A community of successful and flourishing technology-based start-up companies has developed in Berlin, a city that has long attracted artists and musicians.
With cheap living costs, ample space and a helpful business community, Berlin is getting a name as the next Silicon Valley.
The audio platform SoundCloud was developed seven years ago by Swedish musicians Alexander Ljung and Eric Wahlforss and has grown into a multi-million-dollar business with 250 million users worldwide.
Mr Ljung says the company began as a platform for musicians to share music.
"As creators [of] music and audio and being passionate about the web, we were looking for tools we could use and they didn't exist at the time," he said.
Now, more than 12 hours of audio is uploaded to the platform every minute.
SoundCloud raised a reported $60 million in its latest funding round with actor Ashton Kutcher now a major investor.
Instead of Silicon Valley or London, the founders chose Berlin as the place to start their company.
"It really felt like this place was an intersection of art and technology and everybody was doing things their own way," Mr Ljung said.
"We felt that somehow resonated with the culture and vibe we wanted SoundCloud to have."
It is a sentiment shared by Florian Meissner, the founder of photo-sharing application EyeEm.
"You have basically this blend of creative types from the tech scene, painters, artists and musicians - they all blend," he said.
Mr Meissner was working as a photographer in New York when his equipment was stolen and he started taking photos on his smartphone.
He saw the need for a photo-sharing marketplace where advertisers could connect with photographers and buy the rights to photos.
"Since [operating for] a year we've had amazing momentum - half a million people joining every month," Mr Meissner said.
EyeEm now has 15 million users and recently raised $6 million in venture capital.
Alternative epicentre of technology
Mr Meissner says Berlin is a cheap place to start a business.
"If one space gets too expensive and gentrified, we just find space to connect with like-minded people somewhere else in the city," he said.
Venture capitalist Pawel Chudzinski runs one of the first tech start-up portfolios, now worth 40 million euros.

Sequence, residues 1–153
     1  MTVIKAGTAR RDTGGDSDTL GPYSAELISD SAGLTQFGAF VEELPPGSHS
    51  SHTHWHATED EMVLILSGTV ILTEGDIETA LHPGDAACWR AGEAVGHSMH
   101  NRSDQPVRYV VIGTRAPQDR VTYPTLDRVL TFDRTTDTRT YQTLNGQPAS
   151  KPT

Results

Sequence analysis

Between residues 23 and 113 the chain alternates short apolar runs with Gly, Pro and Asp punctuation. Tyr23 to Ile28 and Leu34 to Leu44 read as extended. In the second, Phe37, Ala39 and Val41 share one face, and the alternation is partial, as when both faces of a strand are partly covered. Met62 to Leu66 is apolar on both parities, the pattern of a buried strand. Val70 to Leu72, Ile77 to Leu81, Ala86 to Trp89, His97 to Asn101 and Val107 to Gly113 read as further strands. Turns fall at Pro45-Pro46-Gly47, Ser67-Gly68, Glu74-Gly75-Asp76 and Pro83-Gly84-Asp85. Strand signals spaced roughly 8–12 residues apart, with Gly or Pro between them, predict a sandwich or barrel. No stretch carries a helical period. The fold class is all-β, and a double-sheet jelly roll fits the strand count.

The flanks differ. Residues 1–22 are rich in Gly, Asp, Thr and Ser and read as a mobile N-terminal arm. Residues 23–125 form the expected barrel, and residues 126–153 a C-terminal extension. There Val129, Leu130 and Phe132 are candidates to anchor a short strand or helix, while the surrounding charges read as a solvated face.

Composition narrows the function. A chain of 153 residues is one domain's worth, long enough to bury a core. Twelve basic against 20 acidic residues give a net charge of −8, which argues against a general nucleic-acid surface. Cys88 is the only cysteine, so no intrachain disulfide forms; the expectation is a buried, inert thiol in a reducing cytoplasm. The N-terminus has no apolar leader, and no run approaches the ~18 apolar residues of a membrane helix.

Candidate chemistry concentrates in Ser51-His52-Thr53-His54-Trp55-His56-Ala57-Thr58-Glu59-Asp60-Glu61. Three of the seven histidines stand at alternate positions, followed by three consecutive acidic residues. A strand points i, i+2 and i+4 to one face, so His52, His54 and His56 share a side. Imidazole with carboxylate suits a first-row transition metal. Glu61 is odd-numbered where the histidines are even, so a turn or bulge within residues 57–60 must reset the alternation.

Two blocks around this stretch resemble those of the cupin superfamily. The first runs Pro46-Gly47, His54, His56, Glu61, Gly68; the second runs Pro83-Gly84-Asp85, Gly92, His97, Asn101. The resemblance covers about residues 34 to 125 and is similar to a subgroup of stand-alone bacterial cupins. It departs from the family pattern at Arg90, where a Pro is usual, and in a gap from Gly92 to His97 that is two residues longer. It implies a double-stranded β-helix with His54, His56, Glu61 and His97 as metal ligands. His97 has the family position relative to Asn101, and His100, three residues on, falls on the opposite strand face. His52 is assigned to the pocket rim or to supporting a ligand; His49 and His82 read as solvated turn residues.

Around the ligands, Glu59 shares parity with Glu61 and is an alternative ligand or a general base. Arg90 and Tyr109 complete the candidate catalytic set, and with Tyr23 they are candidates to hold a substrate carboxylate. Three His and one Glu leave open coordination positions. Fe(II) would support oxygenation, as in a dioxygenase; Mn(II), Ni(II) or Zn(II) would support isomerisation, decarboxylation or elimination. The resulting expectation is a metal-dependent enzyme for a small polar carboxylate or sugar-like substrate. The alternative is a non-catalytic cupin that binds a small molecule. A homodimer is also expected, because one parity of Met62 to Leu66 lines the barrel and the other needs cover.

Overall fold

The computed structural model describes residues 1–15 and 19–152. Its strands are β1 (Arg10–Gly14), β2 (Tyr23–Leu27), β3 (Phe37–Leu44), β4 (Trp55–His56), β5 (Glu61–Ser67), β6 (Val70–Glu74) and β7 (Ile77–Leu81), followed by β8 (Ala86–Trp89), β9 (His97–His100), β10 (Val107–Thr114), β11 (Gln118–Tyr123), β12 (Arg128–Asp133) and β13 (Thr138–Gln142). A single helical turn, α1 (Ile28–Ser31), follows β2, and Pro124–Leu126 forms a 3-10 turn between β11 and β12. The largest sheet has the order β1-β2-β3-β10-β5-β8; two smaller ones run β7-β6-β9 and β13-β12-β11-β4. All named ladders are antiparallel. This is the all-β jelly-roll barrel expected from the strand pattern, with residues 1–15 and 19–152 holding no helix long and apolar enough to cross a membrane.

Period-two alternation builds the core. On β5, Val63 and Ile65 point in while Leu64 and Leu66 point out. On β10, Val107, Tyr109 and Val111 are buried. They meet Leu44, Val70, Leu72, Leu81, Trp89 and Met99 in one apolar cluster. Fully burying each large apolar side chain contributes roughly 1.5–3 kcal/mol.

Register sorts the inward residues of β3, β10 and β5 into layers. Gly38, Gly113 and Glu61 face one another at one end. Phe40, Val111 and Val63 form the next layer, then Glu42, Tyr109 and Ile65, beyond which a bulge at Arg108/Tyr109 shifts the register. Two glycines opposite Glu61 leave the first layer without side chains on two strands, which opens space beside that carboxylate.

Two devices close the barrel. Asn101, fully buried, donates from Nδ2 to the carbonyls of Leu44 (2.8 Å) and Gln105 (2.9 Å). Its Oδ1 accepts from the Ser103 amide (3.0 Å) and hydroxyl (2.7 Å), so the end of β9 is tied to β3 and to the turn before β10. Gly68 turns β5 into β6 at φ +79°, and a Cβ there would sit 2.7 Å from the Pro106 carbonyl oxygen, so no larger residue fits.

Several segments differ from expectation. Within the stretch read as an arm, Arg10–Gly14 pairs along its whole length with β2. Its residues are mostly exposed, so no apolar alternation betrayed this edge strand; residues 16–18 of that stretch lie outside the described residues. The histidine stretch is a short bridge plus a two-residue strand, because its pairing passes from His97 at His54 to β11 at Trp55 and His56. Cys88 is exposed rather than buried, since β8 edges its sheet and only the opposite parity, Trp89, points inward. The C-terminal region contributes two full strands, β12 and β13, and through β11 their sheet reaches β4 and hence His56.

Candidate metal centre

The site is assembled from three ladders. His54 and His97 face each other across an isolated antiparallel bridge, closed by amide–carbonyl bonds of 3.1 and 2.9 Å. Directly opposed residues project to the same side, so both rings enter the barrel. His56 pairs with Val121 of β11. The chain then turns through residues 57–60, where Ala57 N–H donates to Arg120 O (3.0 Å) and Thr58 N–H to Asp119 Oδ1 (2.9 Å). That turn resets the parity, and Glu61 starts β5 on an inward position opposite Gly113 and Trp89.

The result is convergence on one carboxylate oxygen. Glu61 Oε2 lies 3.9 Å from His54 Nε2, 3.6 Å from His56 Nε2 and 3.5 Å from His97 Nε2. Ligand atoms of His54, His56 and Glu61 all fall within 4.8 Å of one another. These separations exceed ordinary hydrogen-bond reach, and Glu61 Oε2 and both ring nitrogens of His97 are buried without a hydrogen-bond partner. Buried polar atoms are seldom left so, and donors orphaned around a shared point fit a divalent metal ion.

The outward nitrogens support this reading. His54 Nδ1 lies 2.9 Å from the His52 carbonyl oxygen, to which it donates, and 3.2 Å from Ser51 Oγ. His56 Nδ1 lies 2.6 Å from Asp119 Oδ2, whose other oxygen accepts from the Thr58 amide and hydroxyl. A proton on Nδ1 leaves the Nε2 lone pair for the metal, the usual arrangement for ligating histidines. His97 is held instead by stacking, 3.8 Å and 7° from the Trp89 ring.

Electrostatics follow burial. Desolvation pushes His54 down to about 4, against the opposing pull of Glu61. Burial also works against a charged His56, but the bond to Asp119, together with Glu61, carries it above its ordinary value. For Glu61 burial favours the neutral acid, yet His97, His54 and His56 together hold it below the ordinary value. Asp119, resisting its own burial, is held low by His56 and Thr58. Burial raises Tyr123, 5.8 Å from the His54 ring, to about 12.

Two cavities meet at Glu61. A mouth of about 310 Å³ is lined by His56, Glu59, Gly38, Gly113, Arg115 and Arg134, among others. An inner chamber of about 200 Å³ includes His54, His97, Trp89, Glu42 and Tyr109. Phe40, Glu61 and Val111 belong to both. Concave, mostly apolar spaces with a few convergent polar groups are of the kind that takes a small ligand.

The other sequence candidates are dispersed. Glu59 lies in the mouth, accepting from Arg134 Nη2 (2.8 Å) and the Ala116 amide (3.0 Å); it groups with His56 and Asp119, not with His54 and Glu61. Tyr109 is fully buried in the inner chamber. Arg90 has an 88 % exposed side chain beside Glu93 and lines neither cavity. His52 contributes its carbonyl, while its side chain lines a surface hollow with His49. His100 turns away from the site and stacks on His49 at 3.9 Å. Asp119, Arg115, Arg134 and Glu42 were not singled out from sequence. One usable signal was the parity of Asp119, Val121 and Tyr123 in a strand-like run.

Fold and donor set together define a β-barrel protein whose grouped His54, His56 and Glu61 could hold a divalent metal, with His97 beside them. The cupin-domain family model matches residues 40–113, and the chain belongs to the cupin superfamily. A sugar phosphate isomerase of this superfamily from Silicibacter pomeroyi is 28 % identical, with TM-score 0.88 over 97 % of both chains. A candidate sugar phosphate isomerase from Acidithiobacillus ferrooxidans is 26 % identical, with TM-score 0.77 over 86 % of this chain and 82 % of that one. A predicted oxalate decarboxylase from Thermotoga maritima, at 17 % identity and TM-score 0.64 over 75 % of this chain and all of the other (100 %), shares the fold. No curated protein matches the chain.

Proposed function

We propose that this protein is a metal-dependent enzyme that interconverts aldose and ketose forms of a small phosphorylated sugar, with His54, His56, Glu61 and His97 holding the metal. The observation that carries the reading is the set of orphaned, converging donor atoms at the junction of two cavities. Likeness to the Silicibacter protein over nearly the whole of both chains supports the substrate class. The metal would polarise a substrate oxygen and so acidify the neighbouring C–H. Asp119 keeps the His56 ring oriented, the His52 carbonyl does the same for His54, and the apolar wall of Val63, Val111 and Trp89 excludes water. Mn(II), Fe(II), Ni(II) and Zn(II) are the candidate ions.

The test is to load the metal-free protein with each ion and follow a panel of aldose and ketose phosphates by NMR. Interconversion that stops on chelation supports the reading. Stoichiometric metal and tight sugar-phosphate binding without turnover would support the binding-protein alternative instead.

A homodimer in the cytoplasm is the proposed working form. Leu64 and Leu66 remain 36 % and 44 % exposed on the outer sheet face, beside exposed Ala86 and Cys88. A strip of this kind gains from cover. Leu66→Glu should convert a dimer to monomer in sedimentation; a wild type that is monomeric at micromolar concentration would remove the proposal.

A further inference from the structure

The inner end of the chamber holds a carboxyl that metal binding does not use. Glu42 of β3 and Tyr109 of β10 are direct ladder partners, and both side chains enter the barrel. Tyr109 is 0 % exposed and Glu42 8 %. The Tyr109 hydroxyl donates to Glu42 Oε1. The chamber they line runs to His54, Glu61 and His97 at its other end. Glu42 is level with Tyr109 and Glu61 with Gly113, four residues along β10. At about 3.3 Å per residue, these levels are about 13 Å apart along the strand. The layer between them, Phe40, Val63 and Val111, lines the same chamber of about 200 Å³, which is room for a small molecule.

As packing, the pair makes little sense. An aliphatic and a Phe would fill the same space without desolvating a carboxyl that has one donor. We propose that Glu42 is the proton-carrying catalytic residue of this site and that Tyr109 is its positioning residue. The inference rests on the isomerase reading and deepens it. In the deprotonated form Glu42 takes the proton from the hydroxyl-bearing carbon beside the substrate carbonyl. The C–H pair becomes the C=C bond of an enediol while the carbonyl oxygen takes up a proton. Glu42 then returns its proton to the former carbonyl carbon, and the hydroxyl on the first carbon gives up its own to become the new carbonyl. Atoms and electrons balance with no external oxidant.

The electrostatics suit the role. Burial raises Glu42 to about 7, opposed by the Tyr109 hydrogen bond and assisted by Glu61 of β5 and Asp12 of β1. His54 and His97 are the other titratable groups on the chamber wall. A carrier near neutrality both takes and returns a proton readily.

He says international investment and interest is growing.
"I think financing has been behind the curve," he said.
"There is so much activity right now that the ecosystem can support more investors than [are] currently here, so I expect more funds to come over to Berlin because the entrepreneurial activity is so strong."
A recent McKinsey report found as tech start-ups grow, Berlin could gain an extra 100,000 jobs by 2020.
Berlin start-up community self-sufficient: entrepreneur
Those in the industry say the Berlin start-up scene has developed with no government support.
"It all happens organically in Berlin.
[There's been] no government program that Berlin should become a start-up city," Mr Chudzinski said.
Entrepreneur Simon Schaefer hopes to help foster the start-up community with his new office space The Factory.
Early and late-stage start-ups will work in the building with the aim of collaborating and encouraging investment.Â Â
The office space is housed in an old brewery where the wall divided East and West Berlin, with SoundCloud moving in as one of the first tenants.
"In our investment activities we've realised a lot of need for exchange [with other start-ups] specifically in the early stage," Mr Schaefer said.
"It's great to have a role model to look up to and know where you're going."
Entrepreneurs readily giving back
Mr Schaefer says established companies are keen to help and keep momentum building in Berlin.
"One of the key motivations you'll find in start-up entrepreneurs is that they're readily giving back," he said.
"They don't go to the Cayman Islands and buy a yacht - they would rather invest in other start-ups around them."
The aim is not to copy Silicon Valley but help Berlin find its own unique identity.
"We need to encourage investment from larger corporations in Germany to take part in sustaining this ecosystem," Mr Schaefer said.
"It's not the best thing for companies to leave Europe as soon as it [success] happens."
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